- One More Than and Two More Than (i.e. 2 +8; 2 more than 8 is 10)
- One-/Two-More-Than Dice: Make a die labeled +1, +2, +1, +2, “one more,” and “two more.” Use with another die labeled 4, 5, 6, 7, 8, 9. After each roll of the dice, children should say the complete fact: “Four and two is six.”

- Make-Ten Facts:
- These facts all have at least one added or 8 or 9. Build onto the 8 or 9 up to 10 and then add on the rest. For 6 + 8, start with 8, then 2 more makes 10, and that leaves 4 for 14.

- Say the Ten Fact:
- Hold up a ten-frame card and have children say the “ten fact.”
(i.e. 7 card and children would say, 7 +3=10)

- Hold up a ten-frame card and have children say the “ten fact.”
- Make 10 on the Ten-Frame:
- Give students a mat with two 10 frames. Flash
cards are placed next to the ten frames (or fact can be given orally). The students should model each number on the two frames and then decide on the easiest way to show the total.

- Give students a mat with two 10 frames. Flash

- Think Addition: View Subtraction as “Think-Addition” (count-count-count approach is largely ineffective)
- Ex. 9 – 4 should be thought of as 4 + ? =9

- “Think-Addition Strategy depends on mastery of addition facts first
- Build Up Through the Ten-Frame: Use a 10 frame with 9 dots. Discuss how you can build numbers between 11 and 18, starting with 9 in the 10 frame. Stress the idea of one more to get to 10 and then the rest of the number. Call out numbers between 11 to 18 and have students explain how they can figure out the difference between the number and the one on the 10 frame. Do the same with 8 in the 10 frame.

-Back Down Through the Ten-Frame: Start with two 10 frames, one filled completely and the other partially filled. For 13, for example, discuss what is the easiest way to think about taking off 4 counters. Repeat with other numbers between 11 and 18. Have students write or say the corresponding fact.

- CCSS.Math.Content.1.MD.A.2 Express the length of an object as a whole number of length units, by laying multiple copies of a shorter object (the length unit) end to end; understand that the length measurement of an object is the number of same-size length units that span it with no gaps or overlaps.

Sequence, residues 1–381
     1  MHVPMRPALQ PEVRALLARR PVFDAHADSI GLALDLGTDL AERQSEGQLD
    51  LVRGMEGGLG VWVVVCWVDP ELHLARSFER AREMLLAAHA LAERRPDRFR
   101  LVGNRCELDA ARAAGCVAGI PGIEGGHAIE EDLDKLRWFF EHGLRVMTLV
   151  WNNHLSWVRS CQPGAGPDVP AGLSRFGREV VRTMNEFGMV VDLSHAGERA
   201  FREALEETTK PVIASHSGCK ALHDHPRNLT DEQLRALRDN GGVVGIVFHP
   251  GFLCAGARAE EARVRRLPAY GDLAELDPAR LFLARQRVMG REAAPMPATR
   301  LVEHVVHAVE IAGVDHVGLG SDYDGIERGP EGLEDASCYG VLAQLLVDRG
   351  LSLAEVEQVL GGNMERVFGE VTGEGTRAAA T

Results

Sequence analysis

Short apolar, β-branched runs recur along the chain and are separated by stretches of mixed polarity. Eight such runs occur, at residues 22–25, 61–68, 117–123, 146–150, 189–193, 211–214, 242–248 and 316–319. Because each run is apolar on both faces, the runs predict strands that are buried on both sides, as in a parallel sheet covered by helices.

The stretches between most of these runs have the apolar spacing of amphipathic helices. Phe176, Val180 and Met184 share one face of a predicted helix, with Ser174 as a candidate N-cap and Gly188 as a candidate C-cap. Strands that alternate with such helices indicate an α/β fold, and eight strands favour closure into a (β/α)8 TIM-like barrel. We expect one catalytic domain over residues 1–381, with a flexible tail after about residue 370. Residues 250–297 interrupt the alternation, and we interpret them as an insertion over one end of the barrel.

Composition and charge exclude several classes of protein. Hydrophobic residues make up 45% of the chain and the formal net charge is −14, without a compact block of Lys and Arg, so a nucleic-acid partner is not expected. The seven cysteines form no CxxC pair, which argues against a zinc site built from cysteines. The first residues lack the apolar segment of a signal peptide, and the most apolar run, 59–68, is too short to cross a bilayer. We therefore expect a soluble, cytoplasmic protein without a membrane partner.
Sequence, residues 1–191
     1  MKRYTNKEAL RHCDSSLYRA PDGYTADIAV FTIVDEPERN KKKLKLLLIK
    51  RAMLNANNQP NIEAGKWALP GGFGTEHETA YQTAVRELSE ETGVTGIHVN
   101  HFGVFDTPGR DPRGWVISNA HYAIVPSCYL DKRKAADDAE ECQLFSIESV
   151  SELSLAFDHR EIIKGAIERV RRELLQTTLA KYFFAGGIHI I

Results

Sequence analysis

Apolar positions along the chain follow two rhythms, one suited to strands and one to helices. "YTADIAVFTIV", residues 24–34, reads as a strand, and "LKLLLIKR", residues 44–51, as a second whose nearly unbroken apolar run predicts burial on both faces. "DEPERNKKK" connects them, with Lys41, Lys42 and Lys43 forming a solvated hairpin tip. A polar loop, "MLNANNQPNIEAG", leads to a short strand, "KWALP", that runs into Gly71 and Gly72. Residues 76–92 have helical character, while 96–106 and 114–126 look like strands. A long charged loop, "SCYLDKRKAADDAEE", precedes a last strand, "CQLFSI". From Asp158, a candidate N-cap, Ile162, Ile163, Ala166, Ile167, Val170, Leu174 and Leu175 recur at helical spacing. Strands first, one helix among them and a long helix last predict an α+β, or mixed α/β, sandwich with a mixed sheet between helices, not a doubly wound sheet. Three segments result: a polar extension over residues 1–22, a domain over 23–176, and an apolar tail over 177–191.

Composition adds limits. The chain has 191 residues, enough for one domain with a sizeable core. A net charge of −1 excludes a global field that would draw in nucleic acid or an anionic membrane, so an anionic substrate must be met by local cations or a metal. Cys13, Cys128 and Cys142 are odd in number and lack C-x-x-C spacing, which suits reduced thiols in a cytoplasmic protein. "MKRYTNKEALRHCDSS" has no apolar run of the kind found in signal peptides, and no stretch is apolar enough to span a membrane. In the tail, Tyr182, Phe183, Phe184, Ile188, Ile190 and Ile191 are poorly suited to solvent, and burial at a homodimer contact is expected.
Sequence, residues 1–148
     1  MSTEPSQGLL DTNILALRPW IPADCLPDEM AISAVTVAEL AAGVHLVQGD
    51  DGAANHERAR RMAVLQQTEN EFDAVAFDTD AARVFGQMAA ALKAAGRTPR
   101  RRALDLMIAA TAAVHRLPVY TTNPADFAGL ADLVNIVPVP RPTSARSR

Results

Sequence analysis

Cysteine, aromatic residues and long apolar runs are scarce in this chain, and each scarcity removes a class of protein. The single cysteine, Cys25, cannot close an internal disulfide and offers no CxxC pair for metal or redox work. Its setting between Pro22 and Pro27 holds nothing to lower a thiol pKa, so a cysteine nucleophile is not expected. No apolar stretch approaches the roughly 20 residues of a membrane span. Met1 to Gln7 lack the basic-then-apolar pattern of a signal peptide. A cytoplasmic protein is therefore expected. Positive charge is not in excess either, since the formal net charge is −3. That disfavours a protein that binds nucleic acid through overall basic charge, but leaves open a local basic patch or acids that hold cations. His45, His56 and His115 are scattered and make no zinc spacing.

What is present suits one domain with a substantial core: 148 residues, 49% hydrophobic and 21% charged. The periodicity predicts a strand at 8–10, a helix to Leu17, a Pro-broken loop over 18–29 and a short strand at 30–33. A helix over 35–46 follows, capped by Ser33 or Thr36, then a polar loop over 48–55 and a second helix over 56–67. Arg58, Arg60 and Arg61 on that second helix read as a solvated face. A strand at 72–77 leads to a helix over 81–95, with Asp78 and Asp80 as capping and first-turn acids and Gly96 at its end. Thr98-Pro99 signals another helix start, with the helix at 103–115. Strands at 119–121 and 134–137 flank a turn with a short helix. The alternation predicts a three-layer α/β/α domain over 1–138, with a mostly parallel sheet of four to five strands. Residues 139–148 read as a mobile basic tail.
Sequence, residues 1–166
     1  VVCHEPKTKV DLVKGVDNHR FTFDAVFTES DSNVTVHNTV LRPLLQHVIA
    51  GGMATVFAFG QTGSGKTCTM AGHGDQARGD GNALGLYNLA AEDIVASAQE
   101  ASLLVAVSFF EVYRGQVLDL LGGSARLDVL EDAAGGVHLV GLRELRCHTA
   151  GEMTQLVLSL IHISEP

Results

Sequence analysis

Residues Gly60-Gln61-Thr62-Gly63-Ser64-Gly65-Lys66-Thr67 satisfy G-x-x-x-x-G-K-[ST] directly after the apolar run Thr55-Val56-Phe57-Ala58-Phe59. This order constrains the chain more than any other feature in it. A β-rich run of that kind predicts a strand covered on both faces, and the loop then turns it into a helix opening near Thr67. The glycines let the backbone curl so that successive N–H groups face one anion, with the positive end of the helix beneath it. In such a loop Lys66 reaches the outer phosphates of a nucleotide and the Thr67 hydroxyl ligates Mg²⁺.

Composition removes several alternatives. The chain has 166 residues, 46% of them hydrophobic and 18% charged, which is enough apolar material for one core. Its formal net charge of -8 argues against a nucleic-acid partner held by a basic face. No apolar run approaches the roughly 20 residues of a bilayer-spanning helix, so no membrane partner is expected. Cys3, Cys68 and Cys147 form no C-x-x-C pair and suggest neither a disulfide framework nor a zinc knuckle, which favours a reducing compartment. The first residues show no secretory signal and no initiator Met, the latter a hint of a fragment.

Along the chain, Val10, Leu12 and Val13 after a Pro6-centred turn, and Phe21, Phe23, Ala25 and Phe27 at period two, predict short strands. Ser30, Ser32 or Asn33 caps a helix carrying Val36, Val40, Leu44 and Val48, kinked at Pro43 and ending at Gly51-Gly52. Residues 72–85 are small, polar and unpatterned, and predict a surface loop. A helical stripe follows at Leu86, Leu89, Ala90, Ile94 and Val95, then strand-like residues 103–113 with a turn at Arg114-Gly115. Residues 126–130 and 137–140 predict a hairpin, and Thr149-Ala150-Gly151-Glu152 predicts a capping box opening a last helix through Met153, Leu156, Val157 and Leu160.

Materials: connecting cubes and math journals

Directions:

- Use connecting cubes to measure the length of three different objects in the classroom
- In your journal, use pictures, numbers and words to show what you measured and how many connecting cubes you used.
- What was the shortest object you measured? What was the longest object you measured?
- What was the difference in length between the shortest and longest objects you measured?

1.G2 Compose two-dimensional shapes (rectangles, squares, trapezoids, triangles, half-circles, and quarter-circles) or three-dimensional shapes (cubes, right rectangular prisms, right circular cones, and right circular cylinders) to create a composite shape and compose new shapes from the composite shape.

- Mouse Shapes Materials: Copy of ‘Mouse Shapes’, pattern blocks
- Listen to the story, ‘Mouse Shapes’ by Ellen Stoll Walsh.
- Use shapes to make your own big, scary creature to frighten the cat away.
- Record and write about the shapes you used.

Materials: paper squares, scissors

Directions:

- Fold a square in half in two different ways.
- Cut your square along the fold lines so that you have four pieces.
- How many different ways can you put the pieces back together? (Rule: Sides that touch must be the same length)
- Draw the shapes in your math journal and describe using math vocabulary words.

Materials: toothpicks, playdough balls

Directions:

- Choose one of the three-dimensional shapes below
- Make a skeletal model of the shape using the toothpicks and playdough balls
- In your math journal, sketch the shape you made
- Describe the shape you made using math vocabulary

Make and Take Options:

- Create additional subitizing cards to add to your stack
- Make a set of ten-frame cards
- Explore websites and bookmark activities you want to share with others
- Make some of the activities you used in small group/center time.
- Explore additional small group/center activities you were not able to previously
- Use chart paper to create number riddles- see The Grapes of Math by Greg Tang
- Make math activities by using Teaching Student-Centered Mathematics by Van de Walle and his blackline masters-wps.ablongman.com/ab_vandewalle_math_6/0%2C12312%2C3547876-%2C00.html